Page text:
“Many businesses will likely be referred to the fund by chartered banks, FCC’s term lending staff, lawyers or other trusted advisors to the companies in need,” Taylor continues. The application process involves companies presenting a business plan or “some kind of summary of their situation and future plans” to the funding team. What is presented will be evaluated by the team and after a period of due diligence an investment decision will be made by the fund’s investment committee.

“It would typically take between four and eight weeks for a fund like ours to complete an investment in to a business,” Taylor explained in the email.

“It would typically take between four and eight weeks for a fund like ours to complete an investment in to a business,” Taylor explained in the email.

As for if Forage Capital will balance the funding among areas – Taylor explains it will be divided based on need. “Each opportunity will be assessed on its own and the fund will be invested on a first come first serve basis,” Taylor states in the email.

Recently, members from the agriculture sector, such as the Canadian Federation of Agriculture, have voiced concerns that many of the supports being offered by the federal government rely heavily on existing business risk management programs that won’t allow funding to be available in time “to make a substantial and positive impact on domestic food security.” There is currently no information on how fast funding will be available from the Agriculture and Food Business Solutions Fund.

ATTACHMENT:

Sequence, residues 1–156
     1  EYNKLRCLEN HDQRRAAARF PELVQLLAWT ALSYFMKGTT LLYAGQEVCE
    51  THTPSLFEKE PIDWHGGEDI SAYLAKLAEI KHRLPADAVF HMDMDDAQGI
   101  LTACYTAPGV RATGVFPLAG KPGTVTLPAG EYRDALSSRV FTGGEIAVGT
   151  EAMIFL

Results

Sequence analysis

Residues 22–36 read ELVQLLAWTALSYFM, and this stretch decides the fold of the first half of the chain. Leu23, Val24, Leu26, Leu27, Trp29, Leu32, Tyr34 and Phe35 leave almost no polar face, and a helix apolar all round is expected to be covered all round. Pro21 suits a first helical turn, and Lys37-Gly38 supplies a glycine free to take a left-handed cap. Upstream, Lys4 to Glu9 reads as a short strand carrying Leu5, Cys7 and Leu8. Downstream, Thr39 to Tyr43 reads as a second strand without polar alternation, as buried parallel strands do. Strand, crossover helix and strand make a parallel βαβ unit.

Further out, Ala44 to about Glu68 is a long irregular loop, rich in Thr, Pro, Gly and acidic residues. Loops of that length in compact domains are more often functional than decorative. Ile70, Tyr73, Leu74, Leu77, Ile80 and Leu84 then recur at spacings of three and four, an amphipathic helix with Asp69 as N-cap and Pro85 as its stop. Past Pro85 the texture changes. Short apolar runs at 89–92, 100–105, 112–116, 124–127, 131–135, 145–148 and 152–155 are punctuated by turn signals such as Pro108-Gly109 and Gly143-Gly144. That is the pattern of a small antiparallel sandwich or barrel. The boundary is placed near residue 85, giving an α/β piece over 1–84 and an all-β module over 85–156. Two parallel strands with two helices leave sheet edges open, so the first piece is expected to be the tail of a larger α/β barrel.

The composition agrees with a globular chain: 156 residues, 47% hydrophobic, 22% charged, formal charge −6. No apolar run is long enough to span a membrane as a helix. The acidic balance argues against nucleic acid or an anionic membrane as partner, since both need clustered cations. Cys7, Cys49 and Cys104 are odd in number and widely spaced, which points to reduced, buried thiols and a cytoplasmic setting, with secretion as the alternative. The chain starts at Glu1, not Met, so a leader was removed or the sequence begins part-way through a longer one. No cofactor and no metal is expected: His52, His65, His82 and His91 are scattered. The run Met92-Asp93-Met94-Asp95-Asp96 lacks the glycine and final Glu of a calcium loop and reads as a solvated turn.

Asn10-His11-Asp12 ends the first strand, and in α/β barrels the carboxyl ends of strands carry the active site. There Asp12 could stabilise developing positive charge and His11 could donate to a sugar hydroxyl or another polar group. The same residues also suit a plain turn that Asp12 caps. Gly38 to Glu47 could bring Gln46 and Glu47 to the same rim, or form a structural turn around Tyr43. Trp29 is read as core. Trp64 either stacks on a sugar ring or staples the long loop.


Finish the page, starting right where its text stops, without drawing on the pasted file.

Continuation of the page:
The announcement of a $100-million Agriculture and Food Business Solutions Fund complements the Minister of Agriculture Marie-Claude Bibeau’s announcement on Mar. 23, 2020 to enhance FCC’s lending capacity by an additional $5 billion to help producers and agri-food businesses with access to cash flow to get through the COVID-19 pandemic. Since that announcement, more than 4,800 producers and agri-food businesses have used payment deferral options on FCC loans totaling $4 billion and have established credit lines totaling more than $500 million to alleviate short-term cash flow concerns.

A list of Canadian government supports for the ag sector

  • The FCC announcement is part of many actions the Government of Canada has taken to support agricultural and food processing businesses during COVID-19. These initiatives include:
    • Creating a $77.5 million Emergency Processing Fund to help food producers access more personal protective equipment (PPE), adapt to health protocols, automate or modernize their facilities, processes, and operations, and respond to emerging pressures from COVID-19 so they can better supply Canadians with food during this period;